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Old 09-29-2011, 11:18 AM   #21
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Oh...and I received the spec sheet on the foam he is using.

It is Insular closed cell High Performance....11-016..

Core Density ASTM 1622 - 2.0 pcf
Compressive Strenth - 27 psi
Moisture Vapor Transmission = 1.3 perm;in
Closed Cell Content - greater than 90%
R Value @ inch = 6.8
ASTM @3.5 inch = 23.4
Air Permeance - Infiltration 0.000 cfm/ft squared @1.57psf
Exfiltration - same
Bacterial and Fungal Growth - Negligible* 11-016 is formulated with an anti-microbial
STC = 31** as measured in a 2 X 4 studwall assembly
OITC = 24**
Flammabililty = Flame Spread less than or equal to 25
Max Service Temp = 180 degrees F
Water Penetration
AATCC 127-1998 @ 56 feet

11-016 is suitable for use in the NCFI InsulStar insulation system as well as other insulation applications. It is certified for application in Type I, II, III, IV and V buildings and is approved for ABAA projects. Complies with ASTM c1029 and AC277.

It is formulated with HFC-245fa as the blowing agent and contains an anti-microbial ingredient to inhibit the growth of molds.
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Old 09-30-2011, 08:03 AM   #22
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Oh...and I received the spec sheet on the foam he is using.
It is Insular closed cell High Performance....11-016..
I'm not familiar with that product and couldn't find it with a quick search. Is it a sheet foam product, and what is it made of? Based on the specs I think it is an unfaced extruded polystyrene ("XPS") or possibly a polyisocyanate product. Either is fine for this application, though I'd prefer a product that includes borate to help prevent termite/carpenter ant boring (they don't eat the stuff, they just burrow through it on the way to your house).

Questions for the contractor:
- How does he plan to deal with moisture transpiration through the concrete crawlspace walls? The whole reason you are doing this project is to reduce moisture in your crawlspace, and bare concrete will transfer gallons of water each day from the ground into your crawlspace by evaporation. 2" of the foam he's using could (in theory) be acceptable in reducing water vapor transmission (less than 1 perm total), but that relies on an almost vapor-tight seal around every panel edge to the wall, something that's not likely in the real world. It might work if he applies a solid bead around every board edge AND either caulks between the boards or tapes all seams with foil tape. Hopefully he has other plans. That water that gets in during the summer has to be removed by your AC, and that costs money.

- Insulation of the mud sill/rim joist, etc: how will he do this? There are two acceptable ways:
-- Use spray foam, apply 2" of it in several passes. Takes about a minute total for each bay, produces reliably good results.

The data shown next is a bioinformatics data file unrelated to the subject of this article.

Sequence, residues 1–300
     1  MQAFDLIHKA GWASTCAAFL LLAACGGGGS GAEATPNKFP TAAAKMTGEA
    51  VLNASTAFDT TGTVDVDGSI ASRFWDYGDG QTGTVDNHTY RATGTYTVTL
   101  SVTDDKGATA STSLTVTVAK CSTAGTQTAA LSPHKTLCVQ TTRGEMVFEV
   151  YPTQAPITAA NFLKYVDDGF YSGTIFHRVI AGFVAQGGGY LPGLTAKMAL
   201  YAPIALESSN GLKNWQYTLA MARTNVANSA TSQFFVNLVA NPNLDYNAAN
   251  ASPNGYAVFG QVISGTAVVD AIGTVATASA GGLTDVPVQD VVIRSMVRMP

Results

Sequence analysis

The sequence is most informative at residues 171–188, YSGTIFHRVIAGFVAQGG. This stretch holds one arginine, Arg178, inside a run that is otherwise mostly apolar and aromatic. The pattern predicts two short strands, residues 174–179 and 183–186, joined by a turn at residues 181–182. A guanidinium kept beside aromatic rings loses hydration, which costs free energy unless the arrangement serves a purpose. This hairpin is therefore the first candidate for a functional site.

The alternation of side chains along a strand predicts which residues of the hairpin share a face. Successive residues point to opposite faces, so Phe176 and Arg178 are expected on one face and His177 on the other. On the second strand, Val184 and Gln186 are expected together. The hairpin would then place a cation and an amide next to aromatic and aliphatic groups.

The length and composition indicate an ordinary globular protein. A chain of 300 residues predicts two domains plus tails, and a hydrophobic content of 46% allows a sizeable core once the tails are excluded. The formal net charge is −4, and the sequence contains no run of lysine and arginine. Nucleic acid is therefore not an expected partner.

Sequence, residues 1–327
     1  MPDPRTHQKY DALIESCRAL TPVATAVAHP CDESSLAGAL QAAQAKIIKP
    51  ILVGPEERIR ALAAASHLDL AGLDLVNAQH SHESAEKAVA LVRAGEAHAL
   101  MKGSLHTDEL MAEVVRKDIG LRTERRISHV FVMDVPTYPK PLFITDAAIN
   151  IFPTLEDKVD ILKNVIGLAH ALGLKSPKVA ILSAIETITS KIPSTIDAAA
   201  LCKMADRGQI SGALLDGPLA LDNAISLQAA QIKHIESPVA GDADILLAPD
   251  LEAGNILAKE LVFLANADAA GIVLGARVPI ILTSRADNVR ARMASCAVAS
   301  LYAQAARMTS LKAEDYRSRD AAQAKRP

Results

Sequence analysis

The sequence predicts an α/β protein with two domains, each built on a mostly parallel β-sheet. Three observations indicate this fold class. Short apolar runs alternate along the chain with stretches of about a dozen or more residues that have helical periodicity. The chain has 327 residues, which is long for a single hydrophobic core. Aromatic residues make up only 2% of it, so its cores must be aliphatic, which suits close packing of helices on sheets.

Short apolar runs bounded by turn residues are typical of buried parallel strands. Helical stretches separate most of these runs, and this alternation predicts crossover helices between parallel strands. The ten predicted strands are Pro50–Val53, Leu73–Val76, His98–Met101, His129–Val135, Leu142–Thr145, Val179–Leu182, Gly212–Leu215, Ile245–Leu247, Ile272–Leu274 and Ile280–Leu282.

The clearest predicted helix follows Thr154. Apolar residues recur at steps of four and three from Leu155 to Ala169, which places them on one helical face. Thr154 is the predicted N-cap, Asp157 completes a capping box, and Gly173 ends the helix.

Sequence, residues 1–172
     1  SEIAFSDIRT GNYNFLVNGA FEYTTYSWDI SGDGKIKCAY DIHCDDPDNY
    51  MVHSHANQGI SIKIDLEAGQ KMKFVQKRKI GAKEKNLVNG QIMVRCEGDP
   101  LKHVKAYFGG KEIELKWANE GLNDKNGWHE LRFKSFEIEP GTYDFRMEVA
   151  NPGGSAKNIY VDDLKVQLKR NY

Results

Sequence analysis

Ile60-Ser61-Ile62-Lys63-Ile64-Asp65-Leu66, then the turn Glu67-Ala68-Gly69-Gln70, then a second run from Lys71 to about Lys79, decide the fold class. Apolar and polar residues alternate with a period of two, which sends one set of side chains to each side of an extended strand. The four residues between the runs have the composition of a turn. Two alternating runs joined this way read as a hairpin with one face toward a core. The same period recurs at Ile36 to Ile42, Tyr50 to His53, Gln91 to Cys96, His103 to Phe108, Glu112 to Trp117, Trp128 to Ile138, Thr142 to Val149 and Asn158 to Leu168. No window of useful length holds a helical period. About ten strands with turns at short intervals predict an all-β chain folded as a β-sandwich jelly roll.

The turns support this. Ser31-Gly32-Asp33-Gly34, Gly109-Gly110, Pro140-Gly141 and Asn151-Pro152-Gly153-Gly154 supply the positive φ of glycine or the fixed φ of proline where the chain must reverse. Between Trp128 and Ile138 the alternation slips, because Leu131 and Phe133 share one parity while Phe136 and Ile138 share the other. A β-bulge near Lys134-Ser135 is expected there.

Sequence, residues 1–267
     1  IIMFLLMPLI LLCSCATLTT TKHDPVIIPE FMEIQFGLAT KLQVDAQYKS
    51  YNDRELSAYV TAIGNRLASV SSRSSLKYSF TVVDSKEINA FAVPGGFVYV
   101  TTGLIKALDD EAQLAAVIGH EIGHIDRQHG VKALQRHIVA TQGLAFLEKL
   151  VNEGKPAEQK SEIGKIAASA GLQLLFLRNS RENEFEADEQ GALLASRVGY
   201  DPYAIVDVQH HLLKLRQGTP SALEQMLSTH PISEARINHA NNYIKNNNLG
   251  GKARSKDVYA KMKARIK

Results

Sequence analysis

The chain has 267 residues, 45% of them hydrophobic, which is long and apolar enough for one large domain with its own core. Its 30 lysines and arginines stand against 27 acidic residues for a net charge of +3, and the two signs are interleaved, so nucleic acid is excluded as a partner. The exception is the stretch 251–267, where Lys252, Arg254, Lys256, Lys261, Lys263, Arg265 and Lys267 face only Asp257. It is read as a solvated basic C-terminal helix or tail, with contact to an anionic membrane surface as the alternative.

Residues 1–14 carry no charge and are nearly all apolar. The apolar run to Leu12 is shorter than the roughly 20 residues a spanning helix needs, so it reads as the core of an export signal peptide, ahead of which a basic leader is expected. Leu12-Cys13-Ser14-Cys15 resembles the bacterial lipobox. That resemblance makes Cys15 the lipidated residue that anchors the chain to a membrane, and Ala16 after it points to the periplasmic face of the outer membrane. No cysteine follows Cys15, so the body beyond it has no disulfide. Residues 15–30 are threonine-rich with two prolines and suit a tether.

-- Caulk all seams in each stud bay and below the mud sill, cut rigid foam to fit (allowing for wires, pipes, etc), used adhesive to stick foam in place, apply foam sealant (or "Great Stuff" etc) around the edge of the foam. Do this for each bay. This is a fine DIY solution for use while standing in a well-lit basement with good access. It's not a good approach when you are paying a contractor and he's crunched up in a dark crawlspace.
If the contractor says he'll "put some fiberglass insulation up there" then find a new contractor. That approach will work in the desert, not in a wet place like VA.

- How does his approach address the threat of termites? Termite inspectors depend on two main tools to see if you've got termites making their way from the ground to your juicy wooden house: They look for the telltale mud tunnels on the surface and they jab a pick or screwdriver into the mud sill and joists to see if the termites are already there. When we cover the walls with foam boards and put spray foam in the stud bays, we have made the job of the termite inspector tougher. That's why I strongly recommend using a penetrating borate treatment for all the wood touching and near the concrete, and a surface treatment of the concrete itself, before applying any foam. A lot of this needs to be sprayed on the wood--a light mist won't do it-- but it soaks through and the bugs can't eat it. This won't make the termite inspector's job any easier, but it reduces (significantly) the chance of a subterranean termite problem in the first place. You might want to talk to your local termite inspectors regarding their suggestions for improving ease of inspection. The metal termite flashing I mentioned earlier is a common approach. Of course, what's easiest for them (no insulation in the crawlspace to hamper their inspection) isn't going to work for you, so get right past that to other options.

Good luck!
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Old 09-30-2011, 09:02 AM   #23
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I think the first reference was a typo, go to this link, looks like it's a spray foam, not rigid:

http://www.insulstar.com/uploads/Ins...ch_11-5-10.pdf
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Old 09-30-2011, 03:03 PM   #24